The Space of Literature: A Translation of "L'Espace litteraire"
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Maurice Blanchot, the eminent literary and cultural critic, has had a vast influence on contemporary French writers—among them Jean Paul Sartre and Jacques Derrida. From the 1930s through the present day, his writings have been shaping the international literary consciousness.
The Space of Literature, first published in France in 1955, is central to the development of Blanchot's thought. In it he reflects on literature and the unique demand it makes upon our attention. Thus he explores the process of reading as well as the nature of artistic creativity, all the while considering the relation of the literary work to time, to history, and to death. This book consists not so much in the application of a critical method or the demonstration of a theory of literature as in a patiently deliberate meditation upon the literary experience, informed most notably by studies of Mallarmé, Kafka, Rilke, and Hölderlin. Blanchot's discussions of those writers are among the finest in any language.
"the story" goes no further than a few lines; sometimes it rapidly attains coherence and density and yet stops at the end of a page; other times it continues for several pages, is affirmed, extended -- and nonetheless halted. There are many reasons for this, but the first is that Kafka does not find in the time he has at his disposal the long stretch which would allow the story to develop, as it wants to, in all directions. The story is never anything but a fragment, then another fragment. "How,
some reality, but wanting the Castle, which perhaps has none, detaching himself from Frieda, who retains some glints of life, to turn toward Olga, sister of Amalia, the doubly excluded, -78the rejected -- Amalia who, still worse, in a fearful decision, voluntarily chose to be so. Everything ought to proceed, then, for the best. But nothing of the sort. For the landsurveyor falls incessantly into the fault which Kafka designates as the gravest: impatience. 11 The impatience at the heart of error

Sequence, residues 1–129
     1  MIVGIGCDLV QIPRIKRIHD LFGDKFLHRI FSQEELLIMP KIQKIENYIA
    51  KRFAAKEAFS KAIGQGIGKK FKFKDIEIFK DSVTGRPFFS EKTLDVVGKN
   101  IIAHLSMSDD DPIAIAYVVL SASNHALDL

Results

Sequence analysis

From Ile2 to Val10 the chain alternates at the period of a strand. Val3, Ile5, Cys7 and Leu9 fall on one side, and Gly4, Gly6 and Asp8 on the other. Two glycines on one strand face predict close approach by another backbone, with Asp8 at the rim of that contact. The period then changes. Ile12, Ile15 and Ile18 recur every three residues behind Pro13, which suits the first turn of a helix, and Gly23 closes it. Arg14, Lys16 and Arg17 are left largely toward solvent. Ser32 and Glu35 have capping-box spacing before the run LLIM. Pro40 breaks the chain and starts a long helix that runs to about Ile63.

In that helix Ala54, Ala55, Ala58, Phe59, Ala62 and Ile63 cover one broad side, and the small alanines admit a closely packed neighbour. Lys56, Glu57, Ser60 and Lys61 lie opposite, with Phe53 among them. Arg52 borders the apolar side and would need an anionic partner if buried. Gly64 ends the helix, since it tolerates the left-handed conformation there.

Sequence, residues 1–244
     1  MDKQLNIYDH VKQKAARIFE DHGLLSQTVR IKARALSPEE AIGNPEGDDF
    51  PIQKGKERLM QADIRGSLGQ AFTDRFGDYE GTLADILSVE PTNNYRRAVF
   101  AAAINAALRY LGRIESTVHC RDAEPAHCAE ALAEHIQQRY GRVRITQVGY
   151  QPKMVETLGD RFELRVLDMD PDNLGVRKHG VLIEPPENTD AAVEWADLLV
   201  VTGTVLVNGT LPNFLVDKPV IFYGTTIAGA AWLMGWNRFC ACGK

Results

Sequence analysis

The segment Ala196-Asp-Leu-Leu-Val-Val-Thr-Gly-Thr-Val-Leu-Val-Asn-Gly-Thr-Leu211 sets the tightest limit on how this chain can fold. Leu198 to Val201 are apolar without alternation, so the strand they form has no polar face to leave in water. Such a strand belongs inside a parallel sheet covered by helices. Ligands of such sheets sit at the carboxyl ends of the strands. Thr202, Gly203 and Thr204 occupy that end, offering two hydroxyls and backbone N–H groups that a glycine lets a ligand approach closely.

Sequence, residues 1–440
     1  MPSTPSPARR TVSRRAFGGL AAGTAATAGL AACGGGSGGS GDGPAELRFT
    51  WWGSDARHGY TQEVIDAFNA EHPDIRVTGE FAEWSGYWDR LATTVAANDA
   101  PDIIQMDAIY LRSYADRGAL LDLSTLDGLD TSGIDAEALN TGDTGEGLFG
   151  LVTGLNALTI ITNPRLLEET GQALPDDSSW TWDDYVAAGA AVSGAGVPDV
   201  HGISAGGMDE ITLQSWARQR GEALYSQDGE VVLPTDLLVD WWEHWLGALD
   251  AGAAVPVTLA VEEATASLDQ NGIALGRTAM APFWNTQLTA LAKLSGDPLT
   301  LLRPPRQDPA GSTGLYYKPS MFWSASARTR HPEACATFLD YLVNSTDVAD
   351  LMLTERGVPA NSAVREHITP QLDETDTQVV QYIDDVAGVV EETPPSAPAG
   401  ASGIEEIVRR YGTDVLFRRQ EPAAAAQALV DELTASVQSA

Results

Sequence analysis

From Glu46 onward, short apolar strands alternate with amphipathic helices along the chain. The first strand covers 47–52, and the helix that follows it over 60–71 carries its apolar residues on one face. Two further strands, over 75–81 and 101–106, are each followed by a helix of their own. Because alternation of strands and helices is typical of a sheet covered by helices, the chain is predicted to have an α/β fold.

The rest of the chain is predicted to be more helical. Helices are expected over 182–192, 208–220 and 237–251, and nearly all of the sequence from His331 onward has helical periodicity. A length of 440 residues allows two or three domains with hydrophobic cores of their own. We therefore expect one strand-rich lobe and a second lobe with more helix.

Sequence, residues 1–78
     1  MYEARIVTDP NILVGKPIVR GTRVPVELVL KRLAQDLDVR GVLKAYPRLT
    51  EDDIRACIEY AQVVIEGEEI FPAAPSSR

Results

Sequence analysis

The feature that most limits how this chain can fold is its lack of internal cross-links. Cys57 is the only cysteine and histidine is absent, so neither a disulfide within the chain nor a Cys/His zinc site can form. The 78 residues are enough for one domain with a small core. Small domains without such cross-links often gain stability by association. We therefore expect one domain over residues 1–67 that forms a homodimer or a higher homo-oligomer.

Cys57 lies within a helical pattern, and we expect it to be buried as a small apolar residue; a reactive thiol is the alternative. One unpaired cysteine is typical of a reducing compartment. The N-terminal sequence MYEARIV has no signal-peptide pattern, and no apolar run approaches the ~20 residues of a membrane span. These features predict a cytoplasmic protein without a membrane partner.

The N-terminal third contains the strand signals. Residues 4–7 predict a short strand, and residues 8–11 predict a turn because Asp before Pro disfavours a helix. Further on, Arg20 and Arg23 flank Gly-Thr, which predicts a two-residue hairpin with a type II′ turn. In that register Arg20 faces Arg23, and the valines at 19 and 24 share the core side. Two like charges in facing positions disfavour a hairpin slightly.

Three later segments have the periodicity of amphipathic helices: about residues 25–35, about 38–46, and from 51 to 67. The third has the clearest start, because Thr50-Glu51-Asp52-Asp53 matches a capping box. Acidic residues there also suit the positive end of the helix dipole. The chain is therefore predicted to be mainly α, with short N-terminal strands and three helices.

according to an obscure choice incumbent upon me, die of the great death which I bear within me, but also of that little death, sour and green, which I have been unable to make into a lovely fruit, or yet again of a borrowed, random death: . . . it's not our death, but one that takes us in the end only because we have not ripened our own. This foreign death makes us die in the distress of estrangement. My death must become always more inward. It must be like my invisible form, my gesture, the
with a confidence not unaware that the task is difficult but which constantly renews the glad forecast. It is as if he were sure that there is in us, on account of the very fact that we are "turned away," the possibility of turning back, the promise of an essential reconversion. In fact, if we come back to the two obstacles which in life keep us turned toward a limited life, it seems that the principal obstacle -- since we see animals, who are free of it, accede to what is closed for us -- is the
they claim to recall, by interrupting "the murmur." Whoever wants to write and to produce has ceaselessly to put this exaltation to sleep within himself. Mastery presupposes this sleep by which the creator pacifies and deceives the power that leads him on. He is creative and capable, according to the capability which leaves its trace upon the world, only because he has placed between his activity and the center from which shines the original word, the interval, the thickness of sleep. His